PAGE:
By JANICE KURBJUN

Rawlins Daily Times via Associated Press

SINCLAIR, Wyo. (AP) -- Sunlight cut the biting morning air, casting deep shadows behind cliffs snagged high above Seminoe Reservoir. Four inches of snow made the caravan of trucks, Suburbans and trailers slow going around the twisting landscape.

Upon arrival at the Morgan Creek Wildlife Habitat Management Area, though, the trailer gates swung open and 20 bighorn sheep bound from the truck bed. They tore across the snowy landscape and into the hills.

Less than 24 hours before, many of the sheep still roamed the rocky landscape near Paisley, Ore.

The Seminoe Mountain landscape is different from the sheep's home territory, but officials involved in the release hope it doesn't vary too much.

Wednesday's release was somewhat of a trial run. Wyoming Game and Fish officials introduced sheep that they hope are adapted to the short, early forage season afforded in southern Wyoming. It's the first time in about 30 years sheep have been relocated to the area.

Previously, about 100 bighorn sheep from the Whiskey Peak area were released in the Seminoe Mountains. Those sheep were conditioned to lamb late and feed throughout the summer, following forage from 7,000- into 12,000-foot elevations. In the lower elevations of the Seminoe Mountains, however, the growing season is short, lasting about a month before drying up. It meant poor lamb survival, dwindling the herd to less than 20, Game and Fish biologists believe.

"Lambs didn't make the summer," said Greg Hiatt, Wyoming Game and Fish Rawlins wildlife biologist. He said the local biologists collected sheep pellets from the previous introduction for analysis and found indicators that nutrition levels were low.

"They were expecting to be on good, green forage through the summer," Hiatt said.

The hope is that the Oregon sheep can better adapt to the Seminoe Mountains and the herd can grow once again. Progress is to be monitored via GPS collars that gather and store location data in increments to be analyzed when the collars drop on a programmed day.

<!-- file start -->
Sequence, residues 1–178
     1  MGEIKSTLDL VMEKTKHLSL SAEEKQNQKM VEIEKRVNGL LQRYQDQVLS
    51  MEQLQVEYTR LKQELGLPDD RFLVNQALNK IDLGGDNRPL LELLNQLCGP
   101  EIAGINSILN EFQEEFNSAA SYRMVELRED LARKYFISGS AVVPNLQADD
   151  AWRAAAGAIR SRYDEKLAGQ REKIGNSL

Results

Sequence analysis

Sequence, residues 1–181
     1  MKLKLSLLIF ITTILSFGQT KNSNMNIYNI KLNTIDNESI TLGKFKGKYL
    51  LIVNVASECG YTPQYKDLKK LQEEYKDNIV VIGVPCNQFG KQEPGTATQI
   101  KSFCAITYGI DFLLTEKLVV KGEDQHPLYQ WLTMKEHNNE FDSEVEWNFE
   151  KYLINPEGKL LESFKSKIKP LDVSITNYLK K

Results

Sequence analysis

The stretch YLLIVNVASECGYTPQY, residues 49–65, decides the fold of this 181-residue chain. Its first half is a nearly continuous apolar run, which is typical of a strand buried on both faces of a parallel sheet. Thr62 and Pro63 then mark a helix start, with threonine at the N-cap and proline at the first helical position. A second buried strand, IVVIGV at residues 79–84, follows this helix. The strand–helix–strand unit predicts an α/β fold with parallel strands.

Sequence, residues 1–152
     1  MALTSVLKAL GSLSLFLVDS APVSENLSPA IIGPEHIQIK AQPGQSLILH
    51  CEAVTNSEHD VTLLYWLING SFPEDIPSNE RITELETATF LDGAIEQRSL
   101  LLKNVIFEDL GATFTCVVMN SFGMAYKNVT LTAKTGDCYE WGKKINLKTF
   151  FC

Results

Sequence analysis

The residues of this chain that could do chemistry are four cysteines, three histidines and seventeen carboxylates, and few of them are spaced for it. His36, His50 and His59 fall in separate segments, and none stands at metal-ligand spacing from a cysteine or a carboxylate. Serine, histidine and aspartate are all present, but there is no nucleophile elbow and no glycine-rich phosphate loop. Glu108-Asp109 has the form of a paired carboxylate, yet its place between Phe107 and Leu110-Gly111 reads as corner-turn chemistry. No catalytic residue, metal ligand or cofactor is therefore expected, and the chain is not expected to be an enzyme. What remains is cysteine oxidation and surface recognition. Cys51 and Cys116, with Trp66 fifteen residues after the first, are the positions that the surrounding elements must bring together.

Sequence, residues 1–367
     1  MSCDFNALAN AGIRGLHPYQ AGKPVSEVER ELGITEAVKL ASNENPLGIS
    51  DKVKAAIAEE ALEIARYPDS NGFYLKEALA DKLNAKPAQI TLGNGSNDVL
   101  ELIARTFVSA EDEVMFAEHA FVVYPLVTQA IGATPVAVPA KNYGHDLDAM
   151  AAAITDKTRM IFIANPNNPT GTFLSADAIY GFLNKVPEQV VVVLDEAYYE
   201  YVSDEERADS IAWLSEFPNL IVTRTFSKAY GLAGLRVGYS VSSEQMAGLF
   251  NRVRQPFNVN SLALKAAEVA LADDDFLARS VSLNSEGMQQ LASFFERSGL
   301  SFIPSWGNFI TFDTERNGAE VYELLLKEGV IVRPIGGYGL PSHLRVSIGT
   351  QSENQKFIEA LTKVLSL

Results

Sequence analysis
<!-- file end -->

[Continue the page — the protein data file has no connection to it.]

"This place and lots of other places in the state of Wyoming are historic habitat for bighorn sheep," Game and Fish Regional Information Supervisor Bob Lanka said. "Obviously, things have changed between now and 300 years ago so there's not bighorn sheep in the same places they used to be.

"We're trying to reestablish bighorn sheep in a suitable habitat in as many places as we can, just because it is sheep country. It's part of what is Wyoming and what was Wyoming."

For agency representatives and local landowners present at the release, seeing the sheep dash across the sagebrush was a culminating experience.

It's taken years and "many moving parts" to get the project to where it is now, said Kevin Hurley, the Wyoming Game and Fish bighorn sheep coordinator.

The Bureau of Land Management worked with local landowners to replace domestic sheep enterprises in the area to remove the possibility of disease spread with cattle industry. It meant increasing water source availability, funding for which came from outside agencies.

The BLM also worked with stakeholders for several years on a Resource Management Plan that went into effect in December 2008. It designated the Seminoe Mountain area as a bighorn sheep habitat, protecting it for sheep into the future. More recently, BLM field officials were involved in establishing the sheep habitat by bringing in water sources and clearing trees, BLM Range Management Specialist Mike Murry said.

Meanwhile, Game and Fish officials were at work identifying areas with excess bighorn sheep to pull into the habitat and augment the dwindling herd. They also sought funding for the $115,000 relocation project.

"It took time and this was the culmination," Hiatt said, though there's still about 40 sheep from Utah to be introduced in January.

Hurley said the $115,000 price tag includes the radio collars, capture costs, diagnostic tests, a technician's salary to monitor the sheep for several months and more. Fees for eliciting the U.S. Department of Agriculture's Carbon County Predator Management District to eliminate 28 coyotes from the area were also included.

About $93,000 came from the Wyoming Governor's Big Game License Coalition, Hurley said. The rest came from the Wild Sheep Foundation as well as the Wyoming, Minnesota/Wisconsin and Eastern chapters of the Foundation for North American Wild Sheep.

"With the agencies working together, a lot of good things can happen," Murry said, including potentially expanding the herd and, if successful, opening it to hunting.

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Information from: Rawlins Daily Times, http://www.rawlinstimes.com

Copyright 2009 The Associated Press.

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